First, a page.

Again, thinking about feedback and assessment quality, and things that courses can do, we have a table here that compares different types of assessment, the minimum pre-assessment activity to ensure they have assessment literacy, and then enhancement examples. a minimum requirement for feedback and some exemplars for marking students work.
An example here would be work we’ve done at the Vet School around student use of Peerwise MCQs – here students pushed for use in 3rd year, and for revision at the end of the programme. By the way if you are interested in assessment literacy, or have experience to share, we now have a channel for Assessment and Feedback, and for Assessment Literacy on MediaHopper.
Coming back to that exemplars of students work… We run Learning to be an Examiner sessions which students could take part in, and which includes the opportunity to mark exemplars of students work. That leads to conversations, and exchange of opinions, to understand the reasons behind the marking. And I would add that any place we can bring the students and teaching staff closer together only benefits us and our NSS scores. The themes coming out of this work was that there was real empathy for staff, and quelling fears. Students also noted that as they took part, the better they understood the requirements, the less important feedback felt.
There have been some trials using ACJ (Adaptive Comparative Judgement), which is the idea that with enough samples of work you can use comparison to put work into an order or ranking. So you present staff several assignments and they can rank them. We ran this as an experiment as it provides a chance for students to see others’ work and compare to their own as well as others. We ran a survey after this experiment but students felt seeing others’ responses, and also to understand others’ approaches to comparison and marking.
So, my final point here is a call for help… As we think about what excites and encourages students I would like to find a Peerwise like system for free text type questions. Student feedback was good, but they wanted to do that for a lot more questions than just those we were able to set. So I would like to take Peerwise away from the MCQ context so that students could see and comment and engage with each others work. And I think that anything that brings students and staff closer together in their understanding is important.
Q&A
Q1) How do we approach this in a practical way. We’ve asked students to look at exemplar essays but we bump into problems doing them. It’s easy to persuade those who wrote good essays and have moved to later years, but it’s hard to find those with poorer.
A1) We were doing this with short questions, not long essays. Hazel Marzetti was encouraging sharing of essays and they were reluctant. I think there’s something around expectation management – creating the idea up front that work will be available for others… That one has to opt out rather than opt out. Or you can mock up essays but you lose that edge of it being the real thing.
Q2) On the idea of exemplars… How do we feel about getting students to do a piece of work, and then sharing that with others on, say, the same topic. You could pick a more tangental topic, but that risks being less relevant, that a good essay is properly authentic… But for others there is a risk of copying potential.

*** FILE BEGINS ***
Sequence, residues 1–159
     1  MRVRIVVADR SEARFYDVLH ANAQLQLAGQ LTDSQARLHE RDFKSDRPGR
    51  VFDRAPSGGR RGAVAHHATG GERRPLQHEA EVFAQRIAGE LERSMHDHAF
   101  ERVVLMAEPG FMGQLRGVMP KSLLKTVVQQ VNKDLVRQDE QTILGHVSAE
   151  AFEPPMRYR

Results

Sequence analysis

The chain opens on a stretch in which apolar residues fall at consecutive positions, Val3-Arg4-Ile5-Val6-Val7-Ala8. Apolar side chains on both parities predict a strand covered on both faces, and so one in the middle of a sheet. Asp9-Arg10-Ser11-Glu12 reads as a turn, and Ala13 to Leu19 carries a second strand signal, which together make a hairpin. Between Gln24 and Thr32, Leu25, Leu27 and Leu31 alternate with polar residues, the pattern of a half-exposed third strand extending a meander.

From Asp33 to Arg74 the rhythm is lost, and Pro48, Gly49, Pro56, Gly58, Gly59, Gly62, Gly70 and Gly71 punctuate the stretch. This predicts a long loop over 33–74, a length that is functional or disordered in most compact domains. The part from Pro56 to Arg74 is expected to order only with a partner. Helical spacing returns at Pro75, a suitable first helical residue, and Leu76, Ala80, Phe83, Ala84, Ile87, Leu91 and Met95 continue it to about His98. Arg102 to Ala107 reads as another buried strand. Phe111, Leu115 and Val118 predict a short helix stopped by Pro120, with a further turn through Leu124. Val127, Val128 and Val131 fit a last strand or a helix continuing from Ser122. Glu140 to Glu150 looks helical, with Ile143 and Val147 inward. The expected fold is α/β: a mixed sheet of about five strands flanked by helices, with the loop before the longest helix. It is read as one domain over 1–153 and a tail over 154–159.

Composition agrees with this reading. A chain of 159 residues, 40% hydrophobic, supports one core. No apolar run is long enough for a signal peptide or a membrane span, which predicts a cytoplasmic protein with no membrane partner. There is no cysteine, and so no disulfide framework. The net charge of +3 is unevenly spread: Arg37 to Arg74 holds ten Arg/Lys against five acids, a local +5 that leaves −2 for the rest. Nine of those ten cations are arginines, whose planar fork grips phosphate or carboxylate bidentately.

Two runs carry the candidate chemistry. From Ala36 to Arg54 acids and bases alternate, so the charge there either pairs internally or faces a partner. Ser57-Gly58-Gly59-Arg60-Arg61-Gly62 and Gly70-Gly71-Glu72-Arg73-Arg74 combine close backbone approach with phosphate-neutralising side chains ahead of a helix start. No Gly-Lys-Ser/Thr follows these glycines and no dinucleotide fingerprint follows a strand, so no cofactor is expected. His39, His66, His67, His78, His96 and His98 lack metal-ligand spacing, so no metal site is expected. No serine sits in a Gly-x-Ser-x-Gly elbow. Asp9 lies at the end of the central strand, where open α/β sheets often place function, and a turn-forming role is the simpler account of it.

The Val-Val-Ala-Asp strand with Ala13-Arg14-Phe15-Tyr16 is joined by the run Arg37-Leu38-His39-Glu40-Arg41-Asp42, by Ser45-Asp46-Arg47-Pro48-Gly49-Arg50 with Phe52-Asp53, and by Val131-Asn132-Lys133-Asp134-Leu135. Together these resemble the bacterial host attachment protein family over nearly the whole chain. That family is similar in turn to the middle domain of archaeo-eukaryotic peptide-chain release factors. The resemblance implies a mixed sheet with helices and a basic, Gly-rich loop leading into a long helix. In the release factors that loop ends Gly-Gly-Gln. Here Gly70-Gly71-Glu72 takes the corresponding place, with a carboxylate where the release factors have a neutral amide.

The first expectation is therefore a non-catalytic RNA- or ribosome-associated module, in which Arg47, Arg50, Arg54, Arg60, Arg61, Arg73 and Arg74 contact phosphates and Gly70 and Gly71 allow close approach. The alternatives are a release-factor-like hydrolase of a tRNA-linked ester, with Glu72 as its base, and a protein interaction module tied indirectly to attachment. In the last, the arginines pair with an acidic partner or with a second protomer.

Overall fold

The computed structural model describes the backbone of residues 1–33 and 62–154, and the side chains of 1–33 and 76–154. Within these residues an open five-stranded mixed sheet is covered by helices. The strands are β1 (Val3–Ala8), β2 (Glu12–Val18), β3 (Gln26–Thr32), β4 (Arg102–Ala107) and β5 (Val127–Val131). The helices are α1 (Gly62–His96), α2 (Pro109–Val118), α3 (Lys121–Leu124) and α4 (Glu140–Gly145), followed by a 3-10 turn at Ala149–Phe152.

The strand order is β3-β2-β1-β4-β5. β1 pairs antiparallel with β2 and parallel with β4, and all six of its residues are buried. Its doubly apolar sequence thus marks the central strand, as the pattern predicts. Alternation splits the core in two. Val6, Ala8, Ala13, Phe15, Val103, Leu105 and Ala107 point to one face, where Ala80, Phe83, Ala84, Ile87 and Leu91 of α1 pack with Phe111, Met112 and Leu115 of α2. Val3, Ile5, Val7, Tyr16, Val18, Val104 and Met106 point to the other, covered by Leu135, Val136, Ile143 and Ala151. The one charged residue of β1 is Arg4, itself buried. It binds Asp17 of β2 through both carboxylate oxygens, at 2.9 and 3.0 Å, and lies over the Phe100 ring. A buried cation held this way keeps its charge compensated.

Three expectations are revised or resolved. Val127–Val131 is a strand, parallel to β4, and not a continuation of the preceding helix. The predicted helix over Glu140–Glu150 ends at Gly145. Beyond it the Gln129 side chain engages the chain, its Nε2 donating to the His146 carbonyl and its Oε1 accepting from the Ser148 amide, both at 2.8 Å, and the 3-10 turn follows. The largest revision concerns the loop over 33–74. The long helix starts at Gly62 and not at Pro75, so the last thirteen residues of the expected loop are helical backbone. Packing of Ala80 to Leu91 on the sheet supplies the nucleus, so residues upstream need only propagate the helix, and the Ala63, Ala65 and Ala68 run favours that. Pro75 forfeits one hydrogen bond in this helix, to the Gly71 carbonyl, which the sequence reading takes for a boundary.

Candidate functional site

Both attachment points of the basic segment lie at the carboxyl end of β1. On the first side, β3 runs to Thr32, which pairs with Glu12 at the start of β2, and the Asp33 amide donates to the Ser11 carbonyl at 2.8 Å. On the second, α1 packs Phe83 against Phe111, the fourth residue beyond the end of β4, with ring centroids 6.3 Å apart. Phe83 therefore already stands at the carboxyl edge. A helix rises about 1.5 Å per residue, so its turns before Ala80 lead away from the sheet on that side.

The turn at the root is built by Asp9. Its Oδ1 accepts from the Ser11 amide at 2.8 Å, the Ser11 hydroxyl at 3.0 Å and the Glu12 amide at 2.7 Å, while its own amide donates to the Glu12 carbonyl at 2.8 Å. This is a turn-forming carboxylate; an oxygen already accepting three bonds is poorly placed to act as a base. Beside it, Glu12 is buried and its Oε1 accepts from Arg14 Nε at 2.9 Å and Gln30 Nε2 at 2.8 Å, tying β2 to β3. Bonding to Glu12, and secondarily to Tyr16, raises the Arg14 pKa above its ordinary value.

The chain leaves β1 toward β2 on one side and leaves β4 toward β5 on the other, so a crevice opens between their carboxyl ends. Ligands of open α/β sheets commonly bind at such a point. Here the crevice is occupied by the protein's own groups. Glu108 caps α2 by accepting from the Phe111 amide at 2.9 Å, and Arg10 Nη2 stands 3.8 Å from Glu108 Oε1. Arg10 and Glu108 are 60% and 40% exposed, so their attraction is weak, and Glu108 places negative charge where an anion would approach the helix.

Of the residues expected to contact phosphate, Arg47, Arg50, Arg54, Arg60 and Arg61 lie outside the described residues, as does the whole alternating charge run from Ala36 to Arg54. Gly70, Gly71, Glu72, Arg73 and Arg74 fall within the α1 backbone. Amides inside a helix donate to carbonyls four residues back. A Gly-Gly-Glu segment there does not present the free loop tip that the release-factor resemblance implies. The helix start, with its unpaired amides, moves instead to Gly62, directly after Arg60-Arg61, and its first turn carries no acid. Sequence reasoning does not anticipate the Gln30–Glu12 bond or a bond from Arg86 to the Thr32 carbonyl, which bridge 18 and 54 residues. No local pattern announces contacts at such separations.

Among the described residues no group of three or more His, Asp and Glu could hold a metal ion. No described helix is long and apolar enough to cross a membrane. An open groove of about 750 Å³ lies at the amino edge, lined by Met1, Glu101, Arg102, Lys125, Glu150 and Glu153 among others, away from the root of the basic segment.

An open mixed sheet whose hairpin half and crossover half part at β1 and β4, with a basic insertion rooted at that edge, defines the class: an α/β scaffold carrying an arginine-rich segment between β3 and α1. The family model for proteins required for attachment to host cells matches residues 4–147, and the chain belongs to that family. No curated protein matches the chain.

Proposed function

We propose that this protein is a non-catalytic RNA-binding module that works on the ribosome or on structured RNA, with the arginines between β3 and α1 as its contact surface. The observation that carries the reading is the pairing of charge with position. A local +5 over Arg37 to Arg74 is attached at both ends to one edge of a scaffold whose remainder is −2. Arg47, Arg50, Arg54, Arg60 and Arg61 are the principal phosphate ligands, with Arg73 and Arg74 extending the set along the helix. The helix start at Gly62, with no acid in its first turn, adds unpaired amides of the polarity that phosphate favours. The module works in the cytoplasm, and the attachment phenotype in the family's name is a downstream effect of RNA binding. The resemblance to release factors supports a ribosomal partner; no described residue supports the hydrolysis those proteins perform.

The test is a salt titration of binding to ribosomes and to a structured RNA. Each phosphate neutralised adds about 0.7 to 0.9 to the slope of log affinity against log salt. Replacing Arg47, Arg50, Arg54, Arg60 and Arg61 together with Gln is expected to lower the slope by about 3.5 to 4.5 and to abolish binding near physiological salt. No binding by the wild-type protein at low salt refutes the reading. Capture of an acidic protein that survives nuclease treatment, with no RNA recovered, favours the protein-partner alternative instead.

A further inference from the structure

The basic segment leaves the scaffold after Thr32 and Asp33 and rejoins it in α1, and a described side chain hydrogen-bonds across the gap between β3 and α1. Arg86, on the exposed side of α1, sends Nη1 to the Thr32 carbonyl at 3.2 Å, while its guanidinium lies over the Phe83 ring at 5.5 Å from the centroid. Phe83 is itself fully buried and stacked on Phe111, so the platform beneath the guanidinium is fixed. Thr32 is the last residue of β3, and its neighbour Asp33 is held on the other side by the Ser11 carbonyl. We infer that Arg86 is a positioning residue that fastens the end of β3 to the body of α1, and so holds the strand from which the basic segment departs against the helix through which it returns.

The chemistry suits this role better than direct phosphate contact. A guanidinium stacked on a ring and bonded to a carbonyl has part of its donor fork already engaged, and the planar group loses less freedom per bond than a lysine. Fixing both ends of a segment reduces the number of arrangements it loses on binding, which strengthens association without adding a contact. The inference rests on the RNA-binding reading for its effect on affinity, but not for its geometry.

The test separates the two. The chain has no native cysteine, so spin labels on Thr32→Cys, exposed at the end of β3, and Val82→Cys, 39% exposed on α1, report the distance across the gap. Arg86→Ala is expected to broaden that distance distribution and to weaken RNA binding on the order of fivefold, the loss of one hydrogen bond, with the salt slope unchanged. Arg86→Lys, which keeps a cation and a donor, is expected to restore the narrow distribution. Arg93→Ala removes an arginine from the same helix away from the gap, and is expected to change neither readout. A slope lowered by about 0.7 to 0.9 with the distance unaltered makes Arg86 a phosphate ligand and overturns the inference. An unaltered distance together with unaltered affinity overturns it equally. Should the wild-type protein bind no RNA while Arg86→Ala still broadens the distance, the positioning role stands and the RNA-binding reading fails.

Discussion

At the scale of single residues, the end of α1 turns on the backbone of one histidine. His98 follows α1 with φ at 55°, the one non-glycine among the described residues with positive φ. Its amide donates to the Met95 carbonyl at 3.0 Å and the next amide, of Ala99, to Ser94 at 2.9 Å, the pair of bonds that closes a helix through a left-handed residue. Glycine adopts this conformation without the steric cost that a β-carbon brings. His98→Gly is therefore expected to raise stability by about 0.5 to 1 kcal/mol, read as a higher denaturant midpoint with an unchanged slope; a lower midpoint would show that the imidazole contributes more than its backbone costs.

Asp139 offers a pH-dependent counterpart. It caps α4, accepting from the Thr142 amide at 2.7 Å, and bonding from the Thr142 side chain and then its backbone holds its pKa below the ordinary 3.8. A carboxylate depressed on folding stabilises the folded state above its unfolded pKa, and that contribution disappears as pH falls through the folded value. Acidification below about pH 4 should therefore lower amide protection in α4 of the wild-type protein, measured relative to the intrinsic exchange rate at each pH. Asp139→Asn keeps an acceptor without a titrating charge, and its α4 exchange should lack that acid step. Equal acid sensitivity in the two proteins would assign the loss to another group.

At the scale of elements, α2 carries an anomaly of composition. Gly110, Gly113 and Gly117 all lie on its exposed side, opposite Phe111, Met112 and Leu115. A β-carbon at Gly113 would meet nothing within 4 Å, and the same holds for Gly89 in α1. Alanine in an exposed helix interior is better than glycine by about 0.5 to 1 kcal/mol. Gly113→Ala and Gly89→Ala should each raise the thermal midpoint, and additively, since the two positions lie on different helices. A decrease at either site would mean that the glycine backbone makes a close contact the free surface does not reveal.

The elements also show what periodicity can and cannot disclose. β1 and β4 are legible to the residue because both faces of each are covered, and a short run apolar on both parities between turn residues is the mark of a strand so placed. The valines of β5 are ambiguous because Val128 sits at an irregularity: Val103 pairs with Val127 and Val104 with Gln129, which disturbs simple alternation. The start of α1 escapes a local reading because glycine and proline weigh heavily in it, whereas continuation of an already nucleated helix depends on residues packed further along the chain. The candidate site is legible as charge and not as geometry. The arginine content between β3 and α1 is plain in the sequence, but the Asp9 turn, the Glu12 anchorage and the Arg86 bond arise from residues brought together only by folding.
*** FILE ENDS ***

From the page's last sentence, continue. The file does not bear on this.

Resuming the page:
A2) I think that it’s about understanding risk and context. We don’t use the idea of “model answers” but instead “outline answers”. Some students do make that connection… But they are probably those with a high degree of assessment literacy who will do well anyway.
Q3) By showing good work, showing a good range with similar scores, but also when you show students exemplars you don’t just give out the work, you annotate it, point out what makes it good, features that make it notable… A way to inspire students and help them develop assessment literacy when judging others’ work.
And with that our main presentations have drawn to a close with a thank you for all our lovely speakers and contributors.  We are concluding with an Open Discussion on technology in Assessment and Feedback.
Susan: Yeah, I’m quite a fan of mandatory activities but which do not carry a mark. But I’d seriously think about not assigning marks for all feedback activities… 
Comment: But the students can respond with “if it’s so important, why doesn’t this carry credit?”
Susan: Well you can make it count. For instance our vet students have to have a portfolio, and are expected to discuss that annually. That has been zero credits before (now 10 credits) but still mandatory. Having said that our students are not as focused on marking in that way.
Comment: I don’t want to be the “ah, but…” person here… But what if a student fails that mandatory non marked work? What’s the make-up task?
Susan: For us we are able to find a suitable bespoke negotiated exercise for the very few students this applies to…
Comment: What about equity?
Susan: I think removing the mark actually removes that baggage from the argument… Because the important thing here is doing the right tasks for the professional world. I think we should be discussing this more in the future.  
And with that Robert is drawing the event to a close. The next eLearning@ed/LTW monthly meet up is in July, on 27th July and will be focused on the programme for attaining the CMALT accreditation.